by the blogger Sara


So, the other day, I arrived bright and early for the morning shift at my job. One coworker remarked that I looked too bright-eyed and bushy-tailed for somebody who was going to work at 6 am. I explained to her that I woke up at 4 in order to write a little before I came in, since I prefer writing in the morning. Cue the dumbfounded stare.

“But, why would you do that?” she asked.

Confused, I answered, “Well, because I’m a writer.”

“But why?”

I imagine that this a question a lot of people get asked when they reveal their writerly inclinations. I’ve noticed that a lot of people want to be writers, but are in shock when someone is actually writing. For a lot of fledgling writers, this kind of reaction can be a bit discouraging and make them wonder why they go about this whole writing business in the first place instead of, say, watching Netflix or eating gallons of ice cream.

After Googling, I found that there’s a lot of vague, hand-circling “You just know” advice going around for new authors who want to know whether they’re really cut out to be a writer. So, today I’d like to discuss some concrete ways that let you know whether you’re a writer or whether your time would be better spent doing something else entirely.


You love words
And books. And movies. And videogames. And tales around the campfire. Any and all forms of storytelling fascinate you! You like taking them and tinkering with them, or just enjoy staring rapt into the beautiful illusions that they create.

For people who write, words are magic, and you want to be the best magician you can possibly be.


Writing is when you’re happiest
Now, I don’t mean this in a “writing is full of sunshine and kittens” kind of way. I also don’t mean it in a “you always need to be writing” kind of way. What I mean is that you get a deep sense of contentment from putting pen to page or fingers to keyboard.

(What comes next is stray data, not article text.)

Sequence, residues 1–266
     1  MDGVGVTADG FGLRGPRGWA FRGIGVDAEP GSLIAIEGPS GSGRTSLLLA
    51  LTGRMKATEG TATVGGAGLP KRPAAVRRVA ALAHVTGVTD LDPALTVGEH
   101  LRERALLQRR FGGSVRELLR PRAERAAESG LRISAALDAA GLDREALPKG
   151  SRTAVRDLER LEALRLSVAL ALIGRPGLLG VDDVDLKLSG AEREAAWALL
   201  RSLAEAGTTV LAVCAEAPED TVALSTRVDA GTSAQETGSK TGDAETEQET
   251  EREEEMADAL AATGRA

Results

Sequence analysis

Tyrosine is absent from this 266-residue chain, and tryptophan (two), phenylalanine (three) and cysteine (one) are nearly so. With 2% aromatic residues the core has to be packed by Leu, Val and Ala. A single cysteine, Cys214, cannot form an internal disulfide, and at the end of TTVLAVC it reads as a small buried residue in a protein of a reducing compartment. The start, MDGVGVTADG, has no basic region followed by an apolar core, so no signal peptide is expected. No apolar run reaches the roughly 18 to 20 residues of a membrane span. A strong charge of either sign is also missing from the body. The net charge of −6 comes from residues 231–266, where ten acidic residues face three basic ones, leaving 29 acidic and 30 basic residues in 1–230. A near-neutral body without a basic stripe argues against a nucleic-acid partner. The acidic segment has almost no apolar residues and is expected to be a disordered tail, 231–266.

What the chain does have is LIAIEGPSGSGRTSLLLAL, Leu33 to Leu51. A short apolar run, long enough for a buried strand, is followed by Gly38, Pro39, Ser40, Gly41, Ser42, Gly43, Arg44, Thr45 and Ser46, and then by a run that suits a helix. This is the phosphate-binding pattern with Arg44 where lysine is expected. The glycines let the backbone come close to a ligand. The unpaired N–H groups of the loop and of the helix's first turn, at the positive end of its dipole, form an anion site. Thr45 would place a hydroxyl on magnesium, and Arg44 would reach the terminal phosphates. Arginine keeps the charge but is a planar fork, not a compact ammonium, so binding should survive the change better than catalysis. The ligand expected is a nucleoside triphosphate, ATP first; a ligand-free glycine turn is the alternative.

For example, last night, I was procrastinating. I told myself that I needed to write, even though I was tired and unmotivated. I wasted time on writing blogs, Facebook, staring out of the window…you name it. But, when I finally started writing, all of that faded away. When I was creating stories, it was just me and the page and getting down the things in my head.

It’s one of the best feelings in the world.


You have “The Dream”
The Dream.

The capitalized, “this would be the best thing ever” Dream.

The Dream isn’t about awards or book clubs or bestseller lists. The Dream is about how you envision your own success and passion. My version of The Dream is about imagining that I’m in a bookstore and I run my fingers down the spine of my very first published novel.

The Dream is about thinking that the most amazing thing in the world is the work that you do.


You work hard
The saying “10% inspiration, 90% perspiration” is one of the best ways to know that you’re a writer. Writers work hard on their craft. They don’t necessarily write every day or write thousands of words at a time, but they are determined to carve out their story, even if it’s only inches at a time. They make writing a priority in their hearts and in their schedules and then they get down to work.


You are fascinated by the craft
One of the reasons why writing blogs are such fabulous time-wasters for writers is because most of them talk about the craft of writing.

Whether it’s outlining, character creation, or even worldbuilding, there’s a constant cycle of new information, new challenges, and new techniques to try in the writing world. Writers embrace this endless pursuit of the craft with wonder and eagerness. They know that every bit of knowledge makes them stronger craftspeople (so long as it doesn’t veer into Procrastination Station, that is!)

So, there you are–my five ways to tell whether or not you’re a real writer. If you can think of any other definite ways, share your ideas in the comments below!



Guest post contributed by the blogger Sara, who is an aspiring author and loves books of all genres and lengths. Check out her blog for more of her articles.

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